BLOOMINGTON, Ind. — It's our job in the media to ask the questions, but on this cold Saturday night in late November, maybe it's best to sum up this Indiana-Michigan game another way.

Let's ask the question of us — myself included —instead:

Did we expect to much from this Indiana team in the final home game of the season?

I know I sure did. I really thought this Indiana team could hang with Michigan, even though the Wolverines were a 10-point favorite. I thought they could score, and I thought for sure that the Hoosiers could force Michigan quarterback Shea Patterson into some turnovers. 

I also thought they could pull off the upset here against a No. 12 team that's really been trending upward in the past month.

And I was wrong.

Michigan totally dominated Indiana in the final 44 minutes of this game, winning convincingly 39-14. The Wolverines are now 9-2, and those ugly losses to Wisconsin and Penn State now seem so long ago.

Michigan lately has looked like the team that I picked to win the Big Ten back in August. Shea Patterson, who's been booed off and on during his two years at Michigan, looked like the best quarterback in the country Saturday night, throwing for 366 yards and five touchdown passes. The Wolverines looked great.

And Indiana? They were a massive disappointment, especially in the secondary, which was at one point thought to be the strength of this team, both in talent and depth. Patterson made them look foolish, beating them down the sidelines on one-on-one coverage often. 

That's a scheme thing, how Indiana plays defense, playing aggressively with their cornerbacks often on an island in blitz situations. They gave up four pass plays of 35 yards or more, which just can't happen. And with a pass rush that couldn't get home — they had two sacks, but Patterson mostly had plenty of time to throw — the corners were in trouble.

Throw in bad technigue and bad breaks on the ball, and there's a huge problem. And the final multiplier — Michigan's tall receivers having a 4-inch and 5-inch advantage to even beat tight coverage — and you have what we had here, a 39-point offensive explosion by  Michigan.

"Basically, it was just not trusting our technique, and not executing to the best of our ability,'' said defensive back Khalil Bryant, who didn't want his last game at Memorial Stadium to go this way. "We got beat on too many plays.''

Sundown ... and out

What is deceiving about this final score is that this wasn't a blowout all night long. We talked all week about Indiana needing to get off to a good start, and they did exactly that. They scored touchdowns on two of their first three possessions, and led 14-7 with 14:07 to go in the second quarter.

They would never score again.

Sure, injuries were an issue. Junior wide receiver Whop Philyor, their best player, didn't even suit up after getting hit in the head last week at Penn State. Ty Fryfogle, arguable their second-best receiver, kept fighting through injuries Saturday and missed several dozen plays. Running back Stevie Scott missed some action in the second quarter, and then got hurt again late in the second half.

Still, it was 21-14 at the half, "and we still felt fine, like we were in it,'' senior linebacker Reakwon Jones said. After the sun went down, and a few light flurries started to fall, it all went wrong very quickly. Michigan scored on three of its four possessions in the third quarter and blew the game open.

"We just have to win those one-on-one battles, and that's the most frustrating part of it,'' Indiana coach Tom Allen said. "That's how we play, we attack, but we just gave up way too many big plays. It was very disappointing.''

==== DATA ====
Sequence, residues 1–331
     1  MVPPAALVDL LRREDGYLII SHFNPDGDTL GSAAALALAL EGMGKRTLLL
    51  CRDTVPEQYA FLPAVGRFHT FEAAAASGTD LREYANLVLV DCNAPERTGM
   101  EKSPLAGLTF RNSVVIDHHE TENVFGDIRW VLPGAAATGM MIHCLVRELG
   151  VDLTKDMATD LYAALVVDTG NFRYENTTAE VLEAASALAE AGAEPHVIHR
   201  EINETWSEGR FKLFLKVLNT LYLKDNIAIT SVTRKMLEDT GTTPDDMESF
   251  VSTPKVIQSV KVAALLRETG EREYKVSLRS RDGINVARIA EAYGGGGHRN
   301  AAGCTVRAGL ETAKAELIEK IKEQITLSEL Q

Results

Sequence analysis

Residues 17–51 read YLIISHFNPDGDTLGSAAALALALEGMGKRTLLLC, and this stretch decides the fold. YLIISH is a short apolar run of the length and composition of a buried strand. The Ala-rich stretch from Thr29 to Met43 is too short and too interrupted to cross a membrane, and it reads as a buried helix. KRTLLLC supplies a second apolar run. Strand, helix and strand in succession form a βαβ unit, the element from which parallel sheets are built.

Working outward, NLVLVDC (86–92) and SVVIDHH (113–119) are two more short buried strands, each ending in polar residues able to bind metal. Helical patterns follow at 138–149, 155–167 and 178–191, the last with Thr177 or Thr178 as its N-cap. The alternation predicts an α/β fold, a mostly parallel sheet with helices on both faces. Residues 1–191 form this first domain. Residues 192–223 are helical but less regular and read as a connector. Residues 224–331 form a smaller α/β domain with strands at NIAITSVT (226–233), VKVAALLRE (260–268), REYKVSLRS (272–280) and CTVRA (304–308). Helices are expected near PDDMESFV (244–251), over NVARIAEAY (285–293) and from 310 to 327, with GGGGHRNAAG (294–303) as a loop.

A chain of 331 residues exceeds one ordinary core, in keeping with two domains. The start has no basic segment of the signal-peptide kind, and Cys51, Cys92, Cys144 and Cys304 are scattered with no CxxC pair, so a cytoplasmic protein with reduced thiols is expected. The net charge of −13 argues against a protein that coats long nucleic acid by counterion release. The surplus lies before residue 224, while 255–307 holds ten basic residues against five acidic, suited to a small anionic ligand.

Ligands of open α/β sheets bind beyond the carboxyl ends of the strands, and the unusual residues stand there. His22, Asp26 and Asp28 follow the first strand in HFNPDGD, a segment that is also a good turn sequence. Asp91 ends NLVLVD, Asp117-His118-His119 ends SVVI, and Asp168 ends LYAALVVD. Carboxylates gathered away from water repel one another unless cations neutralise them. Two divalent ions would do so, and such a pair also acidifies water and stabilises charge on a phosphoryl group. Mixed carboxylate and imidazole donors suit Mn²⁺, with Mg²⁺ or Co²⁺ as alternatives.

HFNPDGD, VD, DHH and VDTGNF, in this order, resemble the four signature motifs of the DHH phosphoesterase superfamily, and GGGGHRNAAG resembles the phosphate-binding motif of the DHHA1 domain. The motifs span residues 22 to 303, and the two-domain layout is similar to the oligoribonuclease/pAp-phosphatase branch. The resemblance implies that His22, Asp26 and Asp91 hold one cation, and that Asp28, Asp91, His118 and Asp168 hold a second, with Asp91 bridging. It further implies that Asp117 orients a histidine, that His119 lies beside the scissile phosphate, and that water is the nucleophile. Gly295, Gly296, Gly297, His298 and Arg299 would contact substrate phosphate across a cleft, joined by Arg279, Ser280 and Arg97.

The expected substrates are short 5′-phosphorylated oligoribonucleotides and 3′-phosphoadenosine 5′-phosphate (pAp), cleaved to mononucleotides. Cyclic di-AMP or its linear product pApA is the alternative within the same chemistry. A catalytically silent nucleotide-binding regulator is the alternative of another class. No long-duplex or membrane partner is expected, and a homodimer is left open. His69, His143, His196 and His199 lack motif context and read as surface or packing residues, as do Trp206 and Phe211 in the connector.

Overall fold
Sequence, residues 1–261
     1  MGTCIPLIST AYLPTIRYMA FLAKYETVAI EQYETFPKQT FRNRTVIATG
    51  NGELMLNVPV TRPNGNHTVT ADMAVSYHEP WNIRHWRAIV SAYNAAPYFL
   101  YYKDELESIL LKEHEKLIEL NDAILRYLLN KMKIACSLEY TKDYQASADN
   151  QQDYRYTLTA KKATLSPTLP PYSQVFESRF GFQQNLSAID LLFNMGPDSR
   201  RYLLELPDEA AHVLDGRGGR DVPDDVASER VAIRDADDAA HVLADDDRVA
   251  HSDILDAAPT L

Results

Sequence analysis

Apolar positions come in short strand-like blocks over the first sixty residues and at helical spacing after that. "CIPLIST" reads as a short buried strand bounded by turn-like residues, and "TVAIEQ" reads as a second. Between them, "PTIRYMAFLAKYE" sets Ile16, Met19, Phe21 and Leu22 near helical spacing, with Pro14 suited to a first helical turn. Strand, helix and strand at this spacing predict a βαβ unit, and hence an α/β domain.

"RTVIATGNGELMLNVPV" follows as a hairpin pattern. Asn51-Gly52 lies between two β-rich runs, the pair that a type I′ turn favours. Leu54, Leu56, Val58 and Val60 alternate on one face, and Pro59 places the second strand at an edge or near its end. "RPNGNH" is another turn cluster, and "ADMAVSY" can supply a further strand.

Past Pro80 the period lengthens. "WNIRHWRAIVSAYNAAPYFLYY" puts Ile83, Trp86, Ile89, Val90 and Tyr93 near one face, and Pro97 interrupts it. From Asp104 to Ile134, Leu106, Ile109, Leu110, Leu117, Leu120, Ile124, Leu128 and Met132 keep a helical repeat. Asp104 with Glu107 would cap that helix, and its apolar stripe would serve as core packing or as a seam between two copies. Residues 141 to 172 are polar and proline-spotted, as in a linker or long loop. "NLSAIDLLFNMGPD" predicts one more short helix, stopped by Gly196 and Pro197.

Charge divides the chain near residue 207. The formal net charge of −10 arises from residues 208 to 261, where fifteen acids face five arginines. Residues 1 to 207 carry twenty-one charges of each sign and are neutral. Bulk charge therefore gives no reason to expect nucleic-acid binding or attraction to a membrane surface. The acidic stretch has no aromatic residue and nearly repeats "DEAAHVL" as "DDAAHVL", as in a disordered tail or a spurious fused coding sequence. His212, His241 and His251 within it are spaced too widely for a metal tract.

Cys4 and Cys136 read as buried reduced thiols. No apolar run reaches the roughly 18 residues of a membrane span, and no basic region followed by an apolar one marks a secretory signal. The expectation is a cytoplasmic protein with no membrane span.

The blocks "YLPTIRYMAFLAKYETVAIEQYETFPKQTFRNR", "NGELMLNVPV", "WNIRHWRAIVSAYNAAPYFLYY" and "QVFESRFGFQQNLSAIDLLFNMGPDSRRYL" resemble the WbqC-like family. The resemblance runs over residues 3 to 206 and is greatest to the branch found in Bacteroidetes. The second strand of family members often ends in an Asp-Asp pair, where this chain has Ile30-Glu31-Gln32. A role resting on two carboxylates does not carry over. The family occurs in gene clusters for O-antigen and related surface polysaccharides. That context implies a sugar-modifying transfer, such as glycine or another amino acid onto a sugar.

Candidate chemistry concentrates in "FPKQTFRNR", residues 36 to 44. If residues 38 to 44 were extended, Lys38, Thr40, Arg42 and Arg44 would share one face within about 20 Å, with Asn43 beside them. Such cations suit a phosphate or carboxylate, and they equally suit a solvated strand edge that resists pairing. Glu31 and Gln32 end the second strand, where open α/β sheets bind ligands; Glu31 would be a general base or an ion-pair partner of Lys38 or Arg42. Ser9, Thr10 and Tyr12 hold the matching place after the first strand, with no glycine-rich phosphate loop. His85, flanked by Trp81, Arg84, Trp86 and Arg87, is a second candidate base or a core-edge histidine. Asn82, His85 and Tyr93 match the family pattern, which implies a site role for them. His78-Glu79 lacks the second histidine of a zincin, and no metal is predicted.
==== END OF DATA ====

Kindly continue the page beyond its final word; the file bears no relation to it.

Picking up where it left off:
What has to be taken into account is that Michigan is damn good. Let's be honest. They simply have more 4-star and 5-star recruits than Indiana does. Their talent level is better. Indiana is gaining, but there's still a difference. 

Could Indiana have beaten Michigan if they played their best football? Of course.

But they didn't, so they couldn't keep up. 

Last week was about making just a few more plays in the 7-point loss at No. 9 Penn State. This week was about understanding you got whipped by a better team ... and then moving on.

Flush it already.

Focusing on a successful finish

This Indiana team has talked all year about this 1-0 mentality, about winning the play and moving on to the next one, and winning a practice or a game, and then flushing to get ready for the next challenge.

It was true in September, and it's even more true now. Losing to No. 9 Penn State and No. 12 Michigan is not such a terrible thing. Those teams, quite frankly, are just better than Indiana. The Hoosiers have shown a lot of promise, but it's clear after the past two weeks that there's still some work to be done. 

They're coming, but they aren't there yet.

It's on to Purdue now, and the Old Oaken Bucket. The Hoosiers want it back, and if they go up to West Lafayette and win next Saturday, that will be eight wins and a win over their arch rival.

Ramsey was asked if that scenario — eight wins and hugging the bucket — would be considered a successful season.

"I think so,'' he said. "When you go back, especially for some of the guys who have been here a while, it's not been this way.  We haven't had seven wins since I've been here, and I think going out that way and winning would be good.

"We've been playing well, so to come in here and lay an egg, it's hard. The emotions from the previous week to this one are a lot different. We just have to go back and look at it, because there are a lot of things we could have done better.''

Quite frankly, this is a tape that's probably not even worth watching. They know what they did wrong. Nothing surprised them, they just lost too many one-on-one battles.

Time for that 1-0 mentally, again. Purdue is the most important game of the season.

And you know why?

Because it's the next one.